By New Times
By Connor Radnovich
By Robrt L. Pela and Amy Silverman
By Ray Stern
By Keegan Hamilton
By Matthew Hendley
By Monica Alonzo
By Monica Alonzo
For Cantelme didn't stop with the Phoenix City Council. The firefighters became a potent political force. And because the law forbade them from campaigning for candidates in Phoenix, Cantelme formed regional alliances, says Rick DeGraw, a former political consultant who now works in public relations. (DeGraw himself copped to a misdemeanor in the bribery sting.)
Phoenix firefighters campaigned in Glendale. Glendale firefighters campaigned in Chandler.
A host of fire departments ended up joining the Phoenix Fire Fighters Association: Glendale, Chandler, Peoria, Tempe. Each department got a vice president -- and they all answered to Cantelme.
The members diversified. They volunteered on nonprofit boards. Cantelme joined the boards of a number of pension funds and, for a while, ran the Central Arizona Labor Council.
The firefighters made friends everywhere they went.
"They built a very broad base," DeGraw says. "When businesses had something they needed to get done, they knew to turn to the firefighters." And when Cantelme needed a favor for his men, there were few players who wouldn't take his call.
When Cantelme retired in 1999, he went into the political consulting business. His firm, Cantelme Kaasa, played a role in electing half the people currently serving on the Phoenix City Council. It also ran Phil Gordon's successful mayoral campaign.
People who've worked with Cantelme say he's consistently one of the smartest guys in any room. They rave about his memory and his grasp of the details. He is a master of old-school politics. Shields recalls him making a point to come to family funerals, ready with a personal check to show his sympathy.
There's something about him that makes people listen.
In meetings with the community's big guns, the usual suspects talk on and on, reveling in the sound of their rhetoric. During all that, "Pat never says anything," Shields says.
But when the big talkers are done, Shields says, "Pat will start talking, very quietly. And he'll put a solution on the table that just brings everybody together.
"And everybody in the room just goes quiet, looking at him. Everybody knows he's right."
Pat Cantelme first went into business with Bob Ramsey in 1994. But that's not a detail he necessarily volunteers. When he tells New Times the story of how he got into the ambulance business, in fact, he skips five years and starts with his retirement, in 1999, and the company he started with Ramsey in Las Vegas.
He explains that he wanted to use the knowledge he'd picked up organizing municipal service for the city of Phoenix. And that involved partnering up with Ramsey.
"So we started a private company in Vegas," he says.
Later in the interview, he is asked to return to the same point: When did he start working with Bob Ramsey?
"I'd spent 30 years on the Phoenix Fire Department," he says. "After I retired, my partner and I had an opportunity to start a company in Vegas. . . . Because I knew the business from the emergency side, it seemed like a pretty good opportunity."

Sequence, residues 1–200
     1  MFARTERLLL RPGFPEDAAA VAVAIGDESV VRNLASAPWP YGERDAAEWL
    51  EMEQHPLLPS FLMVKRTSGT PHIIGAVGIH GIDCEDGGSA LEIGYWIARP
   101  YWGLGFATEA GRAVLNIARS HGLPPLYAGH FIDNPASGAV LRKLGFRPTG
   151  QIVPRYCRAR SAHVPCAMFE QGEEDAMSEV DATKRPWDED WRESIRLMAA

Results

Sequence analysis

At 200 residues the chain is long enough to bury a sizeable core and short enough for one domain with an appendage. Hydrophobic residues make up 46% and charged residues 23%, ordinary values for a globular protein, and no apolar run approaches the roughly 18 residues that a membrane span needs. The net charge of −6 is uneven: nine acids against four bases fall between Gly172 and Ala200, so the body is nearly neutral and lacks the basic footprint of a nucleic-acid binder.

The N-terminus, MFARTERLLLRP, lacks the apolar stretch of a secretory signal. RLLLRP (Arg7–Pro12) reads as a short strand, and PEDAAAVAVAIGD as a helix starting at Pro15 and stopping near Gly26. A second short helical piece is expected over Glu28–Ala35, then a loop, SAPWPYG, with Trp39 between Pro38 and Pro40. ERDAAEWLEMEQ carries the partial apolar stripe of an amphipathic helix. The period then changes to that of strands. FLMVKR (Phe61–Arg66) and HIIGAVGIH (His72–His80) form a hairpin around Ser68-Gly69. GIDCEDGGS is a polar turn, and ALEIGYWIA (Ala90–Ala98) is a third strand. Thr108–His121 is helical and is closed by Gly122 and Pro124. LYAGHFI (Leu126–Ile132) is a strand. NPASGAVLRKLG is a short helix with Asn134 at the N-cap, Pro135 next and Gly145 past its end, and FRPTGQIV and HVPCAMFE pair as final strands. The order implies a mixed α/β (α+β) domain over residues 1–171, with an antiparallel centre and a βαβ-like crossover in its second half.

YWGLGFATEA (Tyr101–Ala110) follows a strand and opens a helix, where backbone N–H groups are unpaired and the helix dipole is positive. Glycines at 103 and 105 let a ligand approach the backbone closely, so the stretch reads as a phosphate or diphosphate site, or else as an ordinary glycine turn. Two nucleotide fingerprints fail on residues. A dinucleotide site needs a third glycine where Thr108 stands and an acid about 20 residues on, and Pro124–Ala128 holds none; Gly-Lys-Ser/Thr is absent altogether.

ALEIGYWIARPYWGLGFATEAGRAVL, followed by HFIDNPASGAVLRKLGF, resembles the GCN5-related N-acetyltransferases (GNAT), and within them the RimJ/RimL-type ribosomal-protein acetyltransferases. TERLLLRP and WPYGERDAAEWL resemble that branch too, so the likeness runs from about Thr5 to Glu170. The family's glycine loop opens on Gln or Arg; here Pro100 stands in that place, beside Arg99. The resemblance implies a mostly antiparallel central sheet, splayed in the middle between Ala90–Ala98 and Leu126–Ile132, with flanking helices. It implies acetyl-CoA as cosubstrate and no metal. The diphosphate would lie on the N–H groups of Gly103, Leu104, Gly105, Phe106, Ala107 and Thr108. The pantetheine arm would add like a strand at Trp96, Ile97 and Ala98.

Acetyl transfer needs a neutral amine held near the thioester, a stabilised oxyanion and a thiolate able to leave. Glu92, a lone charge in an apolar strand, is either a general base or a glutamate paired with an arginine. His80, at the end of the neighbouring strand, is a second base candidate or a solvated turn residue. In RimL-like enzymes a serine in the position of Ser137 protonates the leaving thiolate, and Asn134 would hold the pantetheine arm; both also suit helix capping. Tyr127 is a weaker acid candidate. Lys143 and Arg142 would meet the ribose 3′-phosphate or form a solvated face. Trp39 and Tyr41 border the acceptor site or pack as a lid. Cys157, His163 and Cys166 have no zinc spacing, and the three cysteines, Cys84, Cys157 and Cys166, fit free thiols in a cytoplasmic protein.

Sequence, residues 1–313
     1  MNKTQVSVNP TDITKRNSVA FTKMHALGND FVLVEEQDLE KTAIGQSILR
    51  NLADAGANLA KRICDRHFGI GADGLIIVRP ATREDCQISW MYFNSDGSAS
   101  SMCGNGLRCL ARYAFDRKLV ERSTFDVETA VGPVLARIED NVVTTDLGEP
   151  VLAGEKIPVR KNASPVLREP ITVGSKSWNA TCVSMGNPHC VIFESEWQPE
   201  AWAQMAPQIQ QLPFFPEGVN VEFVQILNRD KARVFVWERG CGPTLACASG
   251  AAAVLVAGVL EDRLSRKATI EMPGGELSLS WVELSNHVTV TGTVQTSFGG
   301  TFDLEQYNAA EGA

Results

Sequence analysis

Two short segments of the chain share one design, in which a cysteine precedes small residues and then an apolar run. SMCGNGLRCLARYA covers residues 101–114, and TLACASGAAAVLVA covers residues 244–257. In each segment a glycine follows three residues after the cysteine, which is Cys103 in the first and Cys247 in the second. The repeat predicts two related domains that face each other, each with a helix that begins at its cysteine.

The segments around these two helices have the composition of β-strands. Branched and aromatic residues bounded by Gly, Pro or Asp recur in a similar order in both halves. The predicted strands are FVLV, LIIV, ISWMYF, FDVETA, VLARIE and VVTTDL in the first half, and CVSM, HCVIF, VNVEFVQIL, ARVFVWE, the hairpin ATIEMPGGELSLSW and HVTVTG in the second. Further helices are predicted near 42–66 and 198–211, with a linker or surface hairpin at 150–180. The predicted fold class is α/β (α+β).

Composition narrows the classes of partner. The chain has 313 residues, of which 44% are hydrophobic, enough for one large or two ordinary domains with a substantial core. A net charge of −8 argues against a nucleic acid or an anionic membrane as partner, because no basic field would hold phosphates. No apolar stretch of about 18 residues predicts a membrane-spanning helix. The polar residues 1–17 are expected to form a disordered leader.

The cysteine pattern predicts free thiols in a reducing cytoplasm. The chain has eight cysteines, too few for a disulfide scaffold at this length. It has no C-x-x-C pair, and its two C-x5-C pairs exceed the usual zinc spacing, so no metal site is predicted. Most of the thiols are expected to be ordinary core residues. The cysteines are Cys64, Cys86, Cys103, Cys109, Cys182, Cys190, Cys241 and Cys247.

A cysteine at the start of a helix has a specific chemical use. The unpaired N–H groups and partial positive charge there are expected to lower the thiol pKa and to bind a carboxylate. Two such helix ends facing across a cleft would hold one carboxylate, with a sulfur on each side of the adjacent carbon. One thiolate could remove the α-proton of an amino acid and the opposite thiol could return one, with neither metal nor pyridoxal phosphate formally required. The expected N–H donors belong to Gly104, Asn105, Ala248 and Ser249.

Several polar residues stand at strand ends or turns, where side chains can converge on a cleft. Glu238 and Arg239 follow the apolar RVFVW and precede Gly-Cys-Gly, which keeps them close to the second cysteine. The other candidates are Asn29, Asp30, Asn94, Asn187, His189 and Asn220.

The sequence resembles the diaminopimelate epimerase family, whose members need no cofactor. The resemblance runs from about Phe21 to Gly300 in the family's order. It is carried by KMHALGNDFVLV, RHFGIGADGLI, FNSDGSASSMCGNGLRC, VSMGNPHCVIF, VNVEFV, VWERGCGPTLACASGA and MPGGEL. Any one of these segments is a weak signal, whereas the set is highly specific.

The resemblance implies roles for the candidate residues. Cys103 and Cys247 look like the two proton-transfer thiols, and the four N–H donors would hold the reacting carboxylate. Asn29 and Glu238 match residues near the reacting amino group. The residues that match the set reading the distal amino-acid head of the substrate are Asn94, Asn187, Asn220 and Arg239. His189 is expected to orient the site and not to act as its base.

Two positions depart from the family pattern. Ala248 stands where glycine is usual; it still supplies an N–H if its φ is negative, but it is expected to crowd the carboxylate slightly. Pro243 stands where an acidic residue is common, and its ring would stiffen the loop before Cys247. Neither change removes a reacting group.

It is only when asked, again, exactly when he first went into business with Bob Ramsey that Cantelme remembers a company called Southwest General Services.
According to paperwork filed with the secretaries of state in both Arizona and Texas, Cantelme and Ramsey started Southwest General in April of 1994.
The other officers were Barry Landon, who was one of Ramsey's top lieutenants at Southwest Ambulance, and Patrick McGroder, a prominent Phoenix personal injury attorney who recently defended Bishop Thomas O'Brien at his hit-and-run trial.
Three years later, when Ramsey sold his holdings to Rural/Metro, he sold Southwest General Services, too.
Landon and McGroder each got $500,000. Ramsey got $2.6 million.
Cantelme made $2.3 million, according to SEC records.
Financially, it was a huge deal for a municipal firefighter. And it wasn't Cantelme's only profit from a Ramsey company during his tenure as a union officer and city employee.
In 1994, Ramsey hired Cantelme to serve as a trustee for a stock option plan he'd set up for his employees. Cantelme was paid $40,000 a year, according to company records obtained by New Times.
And even though records from the stock plan show that Cantelme only held the trustee position for one year, he continued to earn his $40,000 salary for two more years.
It's not like someone just forgot he was on the payroll. In 1995, he even joined the Southwest Ambulance 401(k).
Cantelme claims that he served as the stock plan trustee for all three years. But that's flatly contradicted by the annual reports that the company was required to file with the Department of Labor. Those reports show that Cantelme did not serve as the plan's trustee after April of 1995.
Ramsey admits that he can't explain why Cantelme stayed on the payroll for another two years after that. He suggests his CFO might have been paying Cantelme without his knowledge.
In the end, both men claim amnesia.
"It's difficult to tell you what I did 11, 12 years ago," Cantelme says.
It's odd that Cantelme, a guy known for his smarts and his good memory, would fail to recall a $40,000 annual salary.
And his initial failure to remember the $2.3 million he earned from the Southwest General Services sale seems even stranger.